Like many people, my early experiences with seafood were pretty uninspiring—imagine meals of greasy fish sticks dipped in tartar sauce and gloppy tuna noodle casseroles. After my father suffered a massive heart attack at a high school football game, the choices became even bleaker. Gone were those fatty but flavorful standards, replaced by heart-healthy baked salmon, cod, flounder, tuna and haddock. Although delicious when prepared properly, these unfortunate fish met the same fate as my mother”s over-baked potatoes. Cooked on high heat and without butter, olive oil or even a squeeze of lemon juice, the fillets possessed as much succulence and savoriness as sandpaper.
My way of dealing with homemade fish dinners was simple. No sooner did the tough fillets hit the table than they found their way beneath it. Unfortunately, not even the easygoing family dog, who gobbled up my unwanted spuds, green beans and oatmeal, could tolerate this fish.
What spared me from a lifelong dread of seafood were Friday nights. On those evenings my parents and I went to their favorite Italian restaurant for more omega-3-rich fish. There the cook knew how to prepare frutti di mare. In his hands broiled fillets of cod, orange roughy and salmon turned out light, tender and, most importantly, edible.
While I found these Friday meals magical, I suspected that the kitchen staff wasn’t using any secret tricks. As my mother’s Better Homes and Garden cookbook had pointed out, seafood was fast and easy to cook. Just season it with salt and pepper and bake, broil, grill, sauté or pan-fry until flaky and fork tender. Depending on the size of the fillet or steak, this could take as little as 5 minutes. It should not take as long as 75 minutes, the amount of time that most fish languished in our 350˚F oven.
Since those early restaurant repasts, I’ve picked up more than a few techniques and recipes for fish. Still, my favorite dishes hark back to those straightforward Friday night dinners. Whether pan-fried in a tablespoon of olive oil or baked in a lightly greased dish, fish remains of one the easiest foods to cook. Dressed with a dab of seasoned butter or splash of lemon juice, vinegar or hot sauce, it’s also one of the most healthful and tasty to consume.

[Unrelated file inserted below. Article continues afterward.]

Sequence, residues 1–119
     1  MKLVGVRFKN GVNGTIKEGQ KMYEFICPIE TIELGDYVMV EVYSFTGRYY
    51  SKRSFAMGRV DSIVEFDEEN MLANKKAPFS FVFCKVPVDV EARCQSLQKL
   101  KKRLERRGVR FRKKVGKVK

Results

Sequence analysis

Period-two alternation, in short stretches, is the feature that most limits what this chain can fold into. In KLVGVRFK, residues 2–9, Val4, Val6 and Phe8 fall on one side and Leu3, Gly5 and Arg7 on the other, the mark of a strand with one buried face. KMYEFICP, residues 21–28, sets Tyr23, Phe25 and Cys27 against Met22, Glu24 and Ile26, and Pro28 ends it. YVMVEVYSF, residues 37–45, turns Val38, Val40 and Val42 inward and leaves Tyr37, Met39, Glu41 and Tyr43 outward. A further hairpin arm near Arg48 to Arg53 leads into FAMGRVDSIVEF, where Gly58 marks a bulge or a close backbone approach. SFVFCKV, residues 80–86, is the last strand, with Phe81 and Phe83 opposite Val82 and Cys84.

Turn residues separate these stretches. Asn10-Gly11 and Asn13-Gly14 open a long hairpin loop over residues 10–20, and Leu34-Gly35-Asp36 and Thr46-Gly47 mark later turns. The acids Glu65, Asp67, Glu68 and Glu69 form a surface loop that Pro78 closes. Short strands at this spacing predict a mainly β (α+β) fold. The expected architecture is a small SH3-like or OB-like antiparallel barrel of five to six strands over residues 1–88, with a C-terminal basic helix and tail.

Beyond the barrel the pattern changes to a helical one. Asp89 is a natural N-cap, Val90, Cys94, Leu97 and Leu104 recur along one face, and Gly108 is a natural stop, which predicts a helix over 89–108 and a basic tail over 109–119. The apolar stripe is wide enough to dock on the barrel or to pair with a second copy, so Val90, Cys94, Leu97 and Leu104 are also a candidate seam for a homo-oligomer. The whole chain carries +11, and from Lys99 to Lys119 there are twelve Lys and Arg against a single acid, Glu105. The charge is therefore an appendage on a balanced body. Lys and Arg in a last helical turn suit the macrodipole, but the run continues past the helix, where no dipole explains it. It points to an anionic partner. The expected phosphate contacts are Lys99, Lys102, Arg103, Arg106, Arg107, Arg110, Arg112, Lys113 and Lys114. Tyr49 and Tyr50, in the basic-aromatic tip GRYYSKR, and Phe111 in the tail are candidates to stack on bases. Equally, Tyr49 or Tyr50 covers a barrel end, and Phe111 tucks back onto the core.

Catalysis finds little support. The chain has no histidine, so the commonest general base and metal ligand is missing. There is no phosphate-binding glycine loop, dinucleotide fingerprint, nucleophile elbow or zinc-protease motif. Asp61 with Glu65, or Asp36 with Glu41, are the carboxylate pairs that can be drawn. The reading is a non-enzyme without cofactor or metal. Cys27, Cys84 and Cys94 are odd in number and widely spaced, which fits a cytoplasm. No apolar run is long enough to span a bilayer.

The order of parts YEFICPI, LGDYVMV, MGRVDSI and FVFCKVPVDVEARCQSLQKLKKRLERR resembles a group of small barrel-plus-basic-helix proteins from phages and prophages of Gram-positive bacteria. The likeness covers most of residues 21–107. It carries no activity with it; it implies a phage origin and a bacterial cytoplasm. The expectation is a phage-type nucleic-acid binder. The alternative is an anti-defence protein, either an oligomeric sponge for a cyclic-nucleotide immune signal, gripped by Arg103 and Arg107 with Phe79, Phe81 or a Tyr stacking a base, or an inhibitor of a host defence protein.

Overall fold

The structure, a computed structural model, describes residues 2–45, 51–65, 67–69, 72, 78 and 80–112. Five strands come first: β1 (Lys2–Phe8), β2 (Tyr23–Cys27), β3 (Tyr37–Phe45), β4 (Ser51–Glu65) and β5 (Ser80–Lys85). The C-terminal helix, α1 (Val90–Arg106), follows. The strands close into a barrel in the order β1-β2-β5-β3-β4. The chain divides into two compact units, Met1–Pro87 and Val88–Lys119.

Successfully farmed with minimal environmental impact, channel catfish is one of the most sustainable, consumption-friendly fish around. Often used in place of cod and other less eco-sound white fish, its mild flavor goes with a myriad of ingredients. Although I top this pan-seared catfish with seasoned butter, you could withhold the butter and simply drizzle the cooked fillets with fresh lemon juice or dust the tops with sweet paprika.
2 tablespoons olive oil, divided
1 garlic clove, minced
1 tablespoon chopped fresh parsley
1/2 teaspoon sea salt, plus more for seasoning
1/2 teaspoon ground black pepper, plus more for seasoning
3 tablespoons unsalted butter, at room temperature
4 (4- to 6-ounce) catfish fillets
Heat 1 tablespoon olive oil in a large nonstick frying pan over medium heat. Once the oil begins to shimmer, add the garlic and saute until softened, about 2 minutes. Drain or scoop out the garlic and set aside. Return the pan to the heat and add the remaining 1 tablespoon oil.
As the oil is heating, mix together the garlic, parsley, 1/2 teaspoons salt and pepper and butter.
Season the catfish fillets with salt and pepper.
Lay the fillets in the pan and cook for 2 minutes or until the edges of the fish begin to turn opaque. Turn the fillets over and cook until they begin to turn golden in color and flake when probed with a fork, 2 to 3 minutes. If you’re uncomfortable with timing doneness by physical characteristics, check the internal temperature of your fillets with a meat thermometer. When finished cooking, it should read 137˚F; cooked anywhere beyond this and the fish will become dry and tough.
Place the fillets on a serving platter or 4 separate plates and spoon equal amounts of seasoned butter over each. Serve immediately.